La Paz to Cusco with Bolivia Hop and Peru Hop

Lake Titicaca in Bolivia

Guil and I spent a relaxing five days in La Paz, Bolivia, before setting our sights on the next destination: Cusco, Peru.

But we were not excited to face that hours-long bus ride.

Thankfully we stumbled upon Bolivia Hop and Peru Hop, which offer a hop-on, hop-off transportation service between the two countries. What? You thought hop-on, hop-off buses only existed to drive tourists around a city? Us too.

Luckily we’re both wrong.

The fascinating thing about Bolivia Hop/Peru Hop is the ability to create your own itinerary while traveling between cities in Bolivia and Peru. There are several routes to choose from that allow you to cut a long bus ride into smaller trips by stopping at unique destinations along the way.

Once you choose a starting point and final destination, you’re given an optional itinerary to follow. All you have to do is log onto your online portal and edit it to your preference.

Guil and I were intrigued with this concept so we tried it out. We chose the La Paz-Copacabana-Puno-Cusco route.

First Stop: Copacabana

Isla del Sol in Lake Titicaca
Alpaca and sheep sighting on the Isla del Sol in Lake Titicaca.

We left La Paz early Friday morning and began a four-hour trip to Copacabana, a small town that sits on Lake Titicaca, the highest navigable lake in the world.

Lake Titicaca with Bolivia Hop and Peru Hop
Hopping on our boat to the Isla del Sol with Bolivia Hop/Peru Hop.

An English-speaking guide confirmed each passenger’s itinerary and offered a tour of the Isla del Sol in Copacabana during the ride. Guil and I signed up for the $10 tour. (It was too easy!)

The bus made two stops along the way since there were no restrooms onboard. The second stop surprised us: It was a lake-crossing. We didn’t know a free, scenic boat trip was part of the package!

Our bus crossed the lake on a giant makeshift “ferry” while we floated across on a separate boat.

Once we arrived at Copacabana we had time to grab lunch before boarding a boat to the Isla del Sol, a nearby island with significant Inca history.

The tour was organized in a way that we’d return to Copacabana in time to catch a bus to Puno, where we’d spend the night.

Second Stop: Puno

Uros Floating Islands
On our way to the Uros Floating Islands in Puno.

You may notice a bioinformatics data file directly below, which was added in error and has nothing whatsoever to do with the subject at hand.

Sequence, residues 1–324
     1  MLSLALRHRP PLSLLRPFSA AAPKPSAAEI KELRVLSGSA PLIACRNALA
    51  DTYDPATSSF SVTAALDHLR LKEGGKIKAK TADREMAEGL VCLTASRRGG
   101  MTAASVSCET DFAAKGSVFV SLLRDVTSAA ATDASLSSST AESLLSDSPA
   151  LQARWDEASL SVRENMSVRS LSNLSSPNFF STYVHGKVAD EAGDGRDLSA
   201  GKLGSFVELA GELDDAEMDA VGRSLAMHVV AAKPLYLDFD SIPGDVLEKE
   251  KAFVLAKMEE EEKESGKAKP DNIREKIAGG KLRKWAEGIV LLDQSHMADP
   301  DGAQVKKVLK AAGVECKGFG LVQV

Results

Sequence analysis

Soon after leaving Copacabana we walked across the Bolivian-Peruvian border. (Yes, walked!) The border-crossing process was seamless, and we were soon off to Puno.

Another plus: Bolivia Hop/Peru Hop have a list of recommended hotels for each destination, which passengers can book at a discounted rate. Later that evening we checked into a hotel on that list, and we were impressed by how comfortable our room was. (We paid $18 for a private room with a private bathroom.)

The following day Guil and I went on a unique tour (also offered by the companies) to the Uros Floating Islands, where we witnessed how the Uru people live. The manmade islands literally float, and their inhabitants are an autonomous society.

The landscapes are created from native plants found in the shallows of the lake, the same material the Uru people use to make their homes and boats. This bit of the trip was truly fascinating!

Later that evening we hopped back on the bus. This time we were headed to Cusco, our final destination.

Third Stop: Cusco

Cusco, Peru
Our final destination: Cusco, Peru.

The overnight bus ride from Puno to Cusco lasted about 8 hours. Luckily Guil and I were able to secure a cama on the bottom floor of the bus, while most passengers had to spend the night on a semi-cama up top.

The beds seemed to be first-come, first-serve. We’d be a little annoyed if we didn’t get a bed on the first level of the bus if everyone paid the same price! Spending the night on a bed rather than a semi-bed makes a big difference comfort-wise.

We arrived in Cusco REALLY early at 5 a.m., but getting to our hostel wasn’t a problem. Bolivia Hop/Peru Hop quickly organized a taxi for each passenger. They paid for it too!

Before we said goodbye, the tour guide on our bus even gave us a “Free Drink” ticket to enjoy in one of their partner hostels.

Overall, traveling with Bolivia Hop/Peru Hop was a safe, fun and comfortable way to cross from Bolivia to Peru.

Have you used Bolivia Hop/Peru Hop before? Tell us about your experience in the comments below!
Are you planning a trip to Bolivia or Peru any time soon? We’d love to hear about your plans and lend you some recommendations!

 

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